China’s exports rose 30.6 percent year-on-year in March due to increased global demand at a time when the Asian country is the only major economy operating without restrictions.
According to China’s General Administration of Customs, exports rose to $241.1 billion (almost 203 billion euros). Imports rose 38.1% year-on-year to $227.3 billion (about 191 billion euros).
“It is a positive sign that overall economic and trade activity is recovering and market confidence is increasing,” customs spokesman Li Kuiwen pointed out at a press conference.
Li warned that the “global economic situation is still complicated and severe”.
China’s exporters have benefited from the early reopening of its economy, while other governments continue to adopt Covid-19 restraining measures that limit business and trade.
In the first three months of 2021, exports soared 49% year-on-year to $710 billion (€597 billion). Imports grew 28% to $593.6 billion (€499 billion).
Year-on-year comparisons of Chinese trade in the first quarter of the year produce particularly resounding figures, as in early 2020 China shut down factories and isolated entire cities due to the new coronavirus, resulting in a sharp fall in foreign trade.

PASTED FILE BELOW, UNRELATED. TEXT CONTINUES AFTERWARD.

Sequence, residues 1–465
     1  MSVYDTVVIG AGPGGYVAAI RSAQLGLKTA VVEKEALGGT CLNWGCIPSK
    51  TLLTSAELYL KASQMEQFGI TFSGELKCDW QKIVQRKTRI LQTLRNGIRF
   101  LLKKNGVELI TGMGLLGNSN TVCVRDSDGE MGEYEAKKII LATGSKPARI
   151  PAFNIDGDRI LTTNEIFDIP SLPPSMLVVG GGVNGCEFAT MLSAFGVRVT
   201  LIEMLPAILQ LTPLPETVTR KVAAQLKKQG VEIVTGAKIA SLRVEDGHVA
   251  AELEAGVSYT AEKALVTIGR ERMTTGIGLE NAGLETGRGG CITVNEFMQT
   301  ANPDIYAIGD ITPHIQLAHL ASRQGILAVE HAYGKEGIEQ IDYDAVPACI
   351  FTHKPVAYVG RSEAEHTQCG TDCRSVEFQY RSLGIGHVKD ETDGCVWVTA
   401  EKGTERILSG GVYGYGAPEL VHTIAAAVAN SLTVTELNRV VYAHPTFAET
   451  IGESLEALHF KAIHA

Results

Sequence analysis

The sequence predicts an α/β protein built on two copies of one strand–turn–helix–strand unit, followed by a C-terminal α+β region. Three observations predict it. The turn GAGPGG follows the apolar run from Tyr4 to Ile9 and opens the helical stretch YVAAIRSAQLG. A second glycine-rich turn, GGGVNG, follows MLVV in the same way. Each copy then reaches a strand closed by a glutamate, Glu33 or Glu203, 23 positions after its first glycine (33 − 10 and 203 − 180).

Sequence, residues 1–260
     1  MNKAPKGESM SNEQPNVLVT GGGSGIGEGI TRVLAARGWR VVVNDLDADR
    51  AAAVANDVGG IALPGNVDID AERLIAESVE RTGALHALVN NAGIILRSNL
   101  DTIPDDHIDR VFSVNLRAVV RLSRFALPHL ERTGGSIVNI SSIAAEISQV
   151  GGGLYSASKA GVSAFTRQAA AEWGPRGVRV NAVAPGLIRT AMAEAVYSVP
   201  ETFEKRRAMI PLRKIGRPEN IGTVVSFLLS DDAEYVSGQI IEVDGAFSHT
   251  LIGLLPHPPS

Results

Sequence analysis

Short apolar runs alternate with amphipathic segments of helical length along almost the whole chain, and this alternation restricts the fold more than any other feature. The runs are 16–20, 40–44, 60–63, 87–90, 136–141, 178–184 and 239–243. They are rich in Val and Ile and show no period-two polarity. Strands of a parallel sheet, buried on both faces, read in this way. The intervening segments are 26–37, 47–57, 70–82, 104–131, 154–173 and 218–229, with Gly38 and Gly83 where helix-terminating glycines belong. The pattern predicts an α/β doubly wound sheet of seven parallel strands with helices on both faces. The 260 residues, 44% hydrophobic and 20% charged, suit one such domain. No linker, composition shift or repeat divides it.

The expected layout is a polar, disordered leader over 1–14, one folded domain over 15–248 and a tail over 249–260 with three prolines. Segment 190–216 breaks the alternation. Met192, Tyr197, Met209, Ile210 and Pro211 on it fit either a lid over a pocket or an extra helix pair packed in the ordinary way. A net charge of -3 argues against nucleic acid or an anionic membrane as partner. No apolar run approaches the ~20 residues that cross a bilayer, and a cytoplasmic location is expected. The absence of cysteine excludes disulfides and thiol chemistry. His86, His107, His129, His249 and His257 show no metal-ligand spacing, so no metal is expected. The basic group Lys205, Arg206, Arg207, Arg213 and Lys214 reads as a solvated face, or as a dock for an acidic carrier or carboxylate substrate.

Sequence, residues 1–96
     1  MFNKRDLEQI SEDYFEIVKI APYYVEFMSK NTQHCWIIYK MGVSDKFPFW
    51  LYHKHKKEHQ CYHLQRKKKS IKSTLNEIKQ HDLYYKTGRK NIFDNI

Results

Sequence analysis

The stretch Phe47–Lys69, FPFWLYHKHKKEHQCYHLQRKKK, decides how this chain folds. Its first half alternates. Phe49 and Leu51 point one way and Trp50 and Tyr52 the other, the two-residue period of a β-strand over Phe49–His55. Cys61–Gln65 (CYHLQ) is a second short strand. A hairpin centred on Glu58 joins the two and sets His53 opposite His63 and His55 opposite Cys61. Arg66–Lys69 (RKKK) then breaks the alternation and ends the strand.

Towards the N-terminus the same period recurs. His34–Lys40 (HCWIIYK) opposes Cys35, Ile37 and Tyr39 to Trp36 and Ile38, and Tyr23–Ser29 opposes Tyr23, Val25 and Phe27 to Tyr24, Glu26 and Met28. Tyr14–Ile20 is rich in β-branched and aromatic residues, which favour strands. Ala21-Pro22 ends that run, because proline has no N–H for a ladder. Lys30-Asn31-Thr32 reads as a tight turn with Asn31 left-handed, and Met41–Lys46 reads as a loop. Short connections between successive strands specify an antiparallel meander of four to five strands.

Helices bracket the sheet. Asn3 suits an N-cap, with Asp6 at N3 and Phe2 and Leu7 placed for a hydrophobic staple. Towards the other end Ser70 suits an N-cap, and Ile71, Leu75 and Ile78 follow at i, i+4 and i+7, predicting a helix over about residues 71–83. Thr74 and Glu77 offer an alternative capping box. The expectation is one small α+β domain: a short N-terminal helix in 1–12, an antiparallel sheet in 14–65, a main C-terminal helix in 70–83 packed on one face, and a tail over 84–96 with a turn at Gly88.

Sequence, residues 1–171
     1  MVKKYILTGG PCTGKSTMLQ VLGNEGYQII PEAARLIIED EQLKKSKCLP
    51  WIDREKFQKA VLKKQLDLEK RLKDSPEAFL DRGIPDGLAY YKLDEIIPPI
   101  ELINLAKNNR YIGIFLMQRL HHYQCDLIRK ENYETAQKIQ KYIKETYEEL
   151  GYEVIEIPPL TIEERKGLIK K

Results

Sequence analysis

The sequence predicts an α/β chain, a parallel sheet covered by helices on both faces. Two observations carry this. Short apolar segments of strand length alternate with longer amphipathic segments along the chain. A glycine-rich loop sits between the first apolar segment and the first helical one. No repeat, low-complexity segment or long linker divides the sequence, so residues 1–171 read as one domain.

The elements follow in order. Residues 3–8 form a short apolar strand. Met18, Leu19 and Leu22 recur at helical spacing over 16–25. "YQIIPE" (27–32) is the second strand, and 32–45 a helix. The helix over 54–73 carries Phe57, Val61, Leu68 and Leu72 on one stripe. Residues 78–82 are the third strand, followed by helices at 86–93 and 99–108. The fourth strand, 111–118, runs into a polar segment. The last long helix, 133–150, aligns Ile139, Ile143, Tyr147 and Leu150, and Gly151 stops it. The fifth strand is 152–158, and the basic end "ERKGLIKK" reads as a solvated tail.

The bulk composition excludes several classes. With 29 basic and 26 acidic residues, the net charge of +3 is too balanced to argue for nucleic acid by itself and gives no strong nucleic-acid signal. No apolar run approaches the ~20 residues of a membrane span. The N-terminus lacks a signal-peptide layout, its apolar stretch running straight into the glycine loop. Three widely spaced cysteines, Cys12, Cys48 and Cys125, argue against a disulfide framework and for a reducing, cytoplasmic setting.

Exports to the 27 countries of the European Union amounted to $36.6 billion (€30.7 billion), while Chinese imports of European products stood at $27.5 billion (€23.1 billion).
Exports to the United States rose 53.6% in March to $38.7 billion (€32.5 billion), despite continued punitive customs duties on several goods produced in China following the trade war launched by former US President Donald Trump.
Imports of US goods by China, which were also punished with an increase in customs duties in retaliation, rose 74.7% to $17.3 billion (€14.5 billion).
Biden, who took office last January, has not yet given any indication that he may withdraw the punitive tariffs that sparked the biggest ever global trade conflict.
There is also no date for a meeting between the two countries’ top trade officials.
China’s trade surplus fell 30.6% in March from a year earlier to $13.8 billion (11.6 billion euros).
The surplus with the United States grew 39% to $21.4 billion (18 billion euros).
The Communist Party China has set an economic growth target for this year of above 6%, which should boost demand for oil, iron ore, food, consumer goods and other imports.
China is the biggest customer for Angola’s oil. In 2020, the Asian country was the destination of over 27% of products exported by Brazil, according to official data.